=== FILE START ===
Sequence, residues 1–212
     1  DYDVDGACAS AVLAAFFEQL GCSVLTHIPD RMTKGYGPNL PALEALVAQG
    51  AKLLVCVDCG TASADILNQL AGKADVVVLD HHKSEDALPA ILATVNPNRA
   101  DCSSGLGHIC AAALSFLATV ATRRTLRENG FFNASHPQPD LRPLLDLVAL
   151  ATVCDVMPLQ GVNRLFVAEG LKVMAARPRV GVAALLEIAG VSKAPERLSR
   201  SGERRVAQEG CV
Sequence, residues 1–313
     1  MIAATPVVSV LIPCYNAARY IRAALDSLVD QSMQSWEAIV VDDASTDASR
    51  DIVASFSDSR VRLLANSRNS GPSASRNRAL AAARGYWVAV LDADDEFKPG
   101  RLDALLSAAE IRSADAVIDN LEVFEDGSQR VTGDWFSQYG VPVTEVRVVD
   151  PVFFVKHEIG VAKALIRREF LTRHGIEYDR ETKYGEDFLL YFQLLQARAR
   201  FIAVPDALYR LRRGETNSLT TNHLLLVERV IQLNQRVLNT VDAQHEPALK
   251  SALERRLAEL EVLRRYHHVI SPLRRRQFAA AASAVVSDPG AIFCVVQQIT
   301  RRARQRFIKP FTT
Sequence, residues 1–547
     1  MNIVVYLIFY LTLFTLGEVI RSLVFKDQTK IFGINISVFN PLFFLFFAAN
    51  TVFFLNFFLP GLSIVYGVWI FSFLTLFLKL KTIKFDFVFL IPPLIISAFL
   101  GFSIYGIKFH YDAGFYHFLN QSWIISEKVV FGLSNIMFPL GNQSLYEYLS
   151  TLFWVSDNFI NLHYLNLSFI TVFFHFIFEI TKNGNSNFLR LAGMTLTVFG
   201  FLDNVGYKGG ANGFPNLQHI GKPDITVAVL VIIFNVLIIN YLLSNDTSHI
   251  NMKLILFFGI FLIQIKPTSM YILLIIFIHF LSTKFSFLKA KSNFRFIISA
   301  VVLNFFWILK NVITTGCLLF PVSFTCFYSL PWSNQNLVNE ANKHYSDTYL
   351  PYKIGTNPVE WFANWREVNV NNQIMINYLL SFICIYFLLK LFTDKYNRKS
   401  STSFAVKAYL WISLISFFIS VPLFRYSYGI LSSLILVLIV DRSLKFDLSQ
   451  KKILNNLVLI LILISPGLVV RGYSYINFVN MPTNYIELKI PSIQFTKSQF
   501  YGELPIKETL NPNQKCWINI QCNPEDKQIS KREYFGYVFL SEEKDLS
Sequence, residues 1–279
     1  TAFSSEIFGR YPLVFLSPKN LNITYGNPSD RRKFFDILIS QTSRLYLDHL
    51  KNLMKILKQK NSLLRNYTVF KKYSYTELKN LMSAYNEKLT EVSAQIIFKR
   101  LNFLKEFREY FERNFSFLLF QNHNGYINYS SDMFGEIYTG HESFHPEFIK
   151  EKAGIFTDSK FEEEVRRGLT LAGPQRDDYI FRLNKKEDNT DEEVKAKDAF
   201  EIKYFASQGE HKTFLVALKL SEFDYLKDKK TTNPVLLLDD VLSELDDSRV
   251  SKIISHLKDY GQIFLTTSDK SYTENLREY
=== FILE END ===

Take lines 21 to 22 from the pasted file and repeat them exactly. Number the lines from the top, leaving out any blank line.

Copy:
   251  NMKLILFFGI FLIQIKPTSM YILLIIFIHF LSTKFSFLKA KSNFRFIISA
   301  VVLNFFWILK NVITTGCLLF PVSFTCFYSL PWSNQNLVNE ANKHYSDTYL